Comic book companies have to constantly tread very thin ice. A shame, given that most superheroes/villains within their stories could probably solve this problem (As far as I’m aware, DC has about 6 ice-power themed characters, yay originality!). One of the main reasons for this subsequent “thin-ice treading” however, is the running-risk of creating characters that are essentially copy-cats of those from the rival publisher, (and the other of course being the inevitable “nerd rage” to follow). This tends to spark many a debate amongst comic fans. More often than not, the question being, “Who’d win in a fight?.” Although occasionally, if you spend enough time on the internet (or live there like I do), the question of originality will arise, and the infamous geek clan will pull a character’s powers to shreds to find a minute difference (that’d be a bit hard to do with Wolverine I’d imagine).
I’ve been thinking about two of my favourite comic book characters, and picking up on their similarities, both in terms of their origin, their line of work (because we all think about that don’t you know?) and above all, their powers. Fighting out of DC’s corner we have “The Original Terminator”, Slade “Deathstroke” Wilson. Aaaaand skipping out of Marvel’s corner, we have “The Merc with a Mouth,” Wade “Deadpool” Wilson (I would’ve made some awesome “Bruce Buffer-esque” introduction, but showmanship doesn’t transfer so well to the written word).
Already I can hear people saying “Slade/Wade” hmmm, I sense shenanigans afoot.” Well, there indeed were shenanigans afoot, as upon Deadpool’s creation, writer Fabian Nicieza said to artist Rob Liefield “this guy looks like Deathsroke from Teen Titans.” Subsequently, Nicieza gave Deadpool the name “Wade” as a piss-take. In doing so, Marvel provide the perfect example of the metaphorical minefield that comic book creators have to tread. I’ve barely dug into these characters and already there are obvious similarities.
However, the ripping-off…sorry…”creative differences” don’t stop there! Deathstroke and Deadpool have more in common than a name variation (this is the part where I tell origin stories and you listen diligently like good readers). Deathstroke was subject to a series of military experiments and augmentation, seeking to create a form of “super soldier” (“wow, we’ve never seen that before!” – said no comic book fan ever). Combined with military training, Deathsroke was enhanced to the point where he could use 90% of his brain, as well as amplified physical strength and a mastery of many-a-weapon (well…swords), in theory turning him into the perfect assassin and the central adversary of figures like Batman and the Teen Titans.
Deadpool was drawn into the now infamous (cheers Wolverine) “Weapon X Program.” This gave him a regenerative healing factor making him practically invulnerable. Combined with previous mercenary work and a weapon’s collection that would make look Kim Jong-Un look poor, Deadpool’s healing factor transcends him to the level of an indestructible mercenary, that works both with and against the X-Men…Wait a donkey-boffing minute, haven’t we seen this before?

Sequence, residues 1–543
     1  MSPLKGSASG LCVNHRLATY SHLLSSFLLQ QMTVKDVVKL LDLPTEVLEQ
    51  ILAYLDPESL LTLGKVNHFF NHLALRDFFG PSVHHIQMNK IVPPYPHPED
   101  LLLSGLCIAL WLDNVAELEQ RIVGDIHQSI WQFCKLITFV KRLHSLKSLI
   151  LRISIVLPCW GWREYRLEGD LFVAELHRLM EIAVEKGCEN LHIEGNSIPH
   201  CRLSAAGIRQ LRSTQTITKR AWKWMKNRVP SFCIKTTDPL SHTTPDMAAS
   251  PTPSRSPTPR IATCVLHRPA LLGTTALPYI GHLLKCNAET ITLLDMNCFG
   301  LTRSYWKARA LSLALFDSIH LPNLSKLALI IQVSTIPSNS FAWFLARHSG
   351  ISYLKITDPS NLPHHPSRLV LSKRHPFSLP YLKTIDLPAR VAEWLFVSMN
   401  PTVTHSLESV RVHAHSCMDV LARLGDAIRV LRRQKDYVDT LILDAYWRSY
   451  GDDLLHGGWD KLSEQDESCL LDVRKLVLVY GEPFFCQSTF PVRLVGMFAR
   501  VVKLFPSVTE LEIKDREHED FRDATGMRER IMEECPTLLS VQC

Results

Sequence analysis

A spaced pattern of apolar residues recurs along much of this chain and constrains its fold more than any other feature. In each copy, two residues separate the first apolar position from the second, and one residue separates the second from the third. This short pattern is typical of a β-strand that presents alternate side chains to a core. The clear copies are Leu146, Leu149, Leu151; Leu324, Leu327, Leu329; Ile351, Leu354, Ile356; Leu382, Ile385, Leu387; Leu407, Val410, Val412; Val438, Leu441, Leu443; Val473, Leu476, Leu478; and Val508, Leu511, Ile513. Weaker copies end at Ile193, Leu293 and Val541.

You don’t need me to say that there’s obvious connections between these two. Both favour swords (I mean who wouldn’t? They may be out-dated but they’re still awesome), both work as hired guns, both were experimented on by the government and both have some kind of mask-fetish. However, once Marvel realised this, they automatically drove Deadpool in a different direction, making him one of the most original comic characters ever created.
Both characters have a physical ailment of some kind, but these are both extremely different. Deathstroke only has one eye, due to his other one being shot out, and his arrogance being so profane that he only put one eye-socket in his mask. Other than that he’s right as rain. Deadpool on the other hand was a cancer patient, with his healing factor causing scarring all over his body where the tumours had healed, as well as driving him crazier than a pool of bat guano.
Deadpool’s difference comes from his portrayal. He’s the only known comic book character to date to directly acknowledge his existence as a fictional entity, breaking the fourth wall and communicating with the audience. This is what differentiates him from Deathstroke, a member of what I like to call “the shoot, shoot, shoot some more and ask qustions later” club. That being said, it’s quite common to feel uncomfortable when a comic book character starts asking what you’d like for lunch.
Hopefully, you can now see why comic book writers walk on eggshells all the time. Similarities between some comic book characters are inevitable really (Mr. Fantastic and Plastic Man, Green Arrow and Hawkeye, Namor and Aquaman etc etc.). They come about out of direct competition (DC even rebooting their entire universe recently). The good thing about Deathstroke / Deadpool is that Marvel realised their subsequent rip-off and altered their character to create one of the most popular comic book characters of recent years (being played by Ryan Reynolds tends to do that). But this doesn’t always happen, and nerds are quite angry people *points at self*. I guess we can take solace in the fact that debate over this sort of thing makes things interesting (and could escalate to a nerd war…hmmm)
Now for the eternal question. Who would win in a fight if it really came down to it? Readyyyyyyy GO!